The small house that Baba was using in Jessore looked cramped dilapidated and unwelcome.   It was full of remnant stuff from our home after that was requisitioned by the Government in 1942.  There was not enough space to put all that stuff in order.   It was impossible to clean up or dust out those rooms where the stuff was kept.   It seemed to me that we had for some obscure reason chosen to stay in an unkempt warehouse!   I secretly pined to get back to Himaitpur, but I kept my mouth shut.  Then one fine morning Jethamoshai (Mr. K N Ghosh) walked in with a beaming smile and announced that orders for the release of our house from Government occupation had been issued!.    The announcement changed every thing.   All thoughts of returning to Himaitpur in a hurry disappeared instantly.   The Government contractor engaged in the task of de-hiring the house was required to restore the house to its original state before it was given back to us.   That meant that the fellow would rip out all the electric wiring that the government had installed in the house and sell that stuff as junk!   The contractor was contacted and was persuaded to leave the electric lines undisturbed for a sum of (I think) three hundred rupees.   It was of course a big sum of money then.   The house was re-painted and we moved in to it as fast as possible.

The world around me continued to be topsy-turvy.   Too many things were happening around me.   It was a strange and bewildering world.    The Crips Mission had failed.   The Communist Party had launched its ‘Tebhaga Agitation’.    Elections for Provincial Legislative Assemblies were declared.    Groups of Muslim League boys went around the town shouting ‘Ladke Leynge Pakistan’.   A Constituent Assembly had come into being in Delhi consequent to the proposals contained in the Cabinet Mission recommendations, but no one seemed to know where this assembly will draw their powers from and how far that power will extend.  The Muslim League refused to join the Constituent Assembly.   Many of the princely sates stayed away too.   The Leaders of the INA were to be tried by a court for desertion and for waging war against the crown.     Huge rallies were held all over the country in their support.  Jawaharlal Nehru and Bhula Bhai Desai volunteered to defend them as advocates.  The Naval Mutiny took place in Bombay.  A small Air Force Mutiny took place in Tambaram.   The country seemed to be rushing to a precipice.    These were however bothersome mainly for the grown-ups; they were for ever discussing these things.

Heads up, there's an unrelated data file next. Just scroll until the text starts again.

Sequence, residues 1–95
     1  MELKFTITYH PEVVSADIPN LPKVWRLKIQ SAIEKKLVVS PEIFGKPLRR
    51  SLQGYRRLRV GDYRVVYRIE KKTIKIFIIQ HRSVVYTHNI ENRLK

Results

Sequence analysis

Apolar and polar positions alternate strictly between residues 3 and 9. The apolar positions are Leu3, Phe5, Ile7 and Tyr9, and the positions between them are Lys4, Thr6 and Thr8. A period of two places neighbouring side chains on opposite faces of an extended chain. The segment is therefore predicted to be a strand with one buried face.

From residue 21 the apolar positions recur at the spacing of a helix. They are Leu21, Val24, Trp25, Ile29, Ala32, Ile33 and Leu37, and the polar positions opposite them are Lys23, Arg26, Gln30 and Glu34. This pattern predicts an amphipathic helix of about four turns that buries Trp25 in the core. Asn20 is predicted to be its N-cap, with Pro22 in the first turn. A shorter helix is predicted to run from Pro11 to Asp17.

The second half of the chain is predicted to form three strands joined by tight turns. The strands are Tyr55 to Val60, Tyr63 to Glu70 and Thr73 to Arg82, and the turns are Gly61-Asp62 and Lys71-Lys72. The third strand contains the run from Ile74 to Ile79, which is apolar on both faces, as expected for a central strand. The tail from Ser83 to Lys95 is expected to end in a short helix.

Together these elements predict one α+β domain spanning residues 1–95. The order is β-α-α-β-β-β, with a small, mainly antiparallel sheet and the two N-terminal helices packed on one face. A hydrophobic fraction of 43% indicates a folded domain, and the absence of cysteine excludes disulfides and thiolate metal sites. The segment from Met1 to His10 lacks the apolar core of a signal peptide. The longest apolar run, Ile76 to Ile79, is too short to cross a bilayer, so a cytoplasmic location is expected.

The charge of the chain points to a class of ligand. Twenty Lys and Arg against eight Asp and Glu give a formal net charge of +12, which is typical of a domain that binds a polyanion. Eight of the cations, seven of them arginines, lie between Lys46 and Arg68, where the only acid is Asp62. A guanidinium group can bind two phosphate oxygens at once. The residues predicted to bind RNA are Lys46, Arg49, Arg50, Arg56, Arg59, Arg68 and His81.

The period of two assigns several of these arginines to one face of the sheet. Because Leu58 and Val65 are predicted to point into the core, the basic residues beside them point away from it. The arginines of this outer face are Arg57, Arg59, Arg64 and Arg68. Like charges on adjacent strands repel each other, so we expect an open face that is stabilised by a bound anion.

At home matters of more immediate urgency claimed every one’s attention.   The two girls started their preparation for tests in right earnest.   They had just a month or two to prepare.   Jessore now had a functional college offering education for graduation in arts subjects under the University of Calcutta.    The girls could choose that college as their centre for the examination.   The house needed a lot of maintenance.   We found that the electrical wiring left behind by the military occupants was in a state of disrepair.   It had to be completely re-done.   Similarly, the running water system for the bathrooms had been dismantled.   These needed to be re-laid.  All this needed money and suddenly that seemed to be in short supply.   Baba’s medical practice had not taken off.   He had a chamber in the market near the public library that he attended every morning and evening, but the pickings were low.   We also discovered that collecting revenue from landed property was not easy if one was not physically present near the land.   At Himaitpur,   rice, pulses, mangoes etc came home and were sold to traders.    Vegetables for the kitchen grew on the homestead ground.     Once we moved to Jessore, all these stopped happening.   Rice and pulses, fruits and vegetables, every thing had to be purchased.    For the first time we found cash flow in the house to be inadequate for our needs.   This was strange and the adjustment to this situation was painful.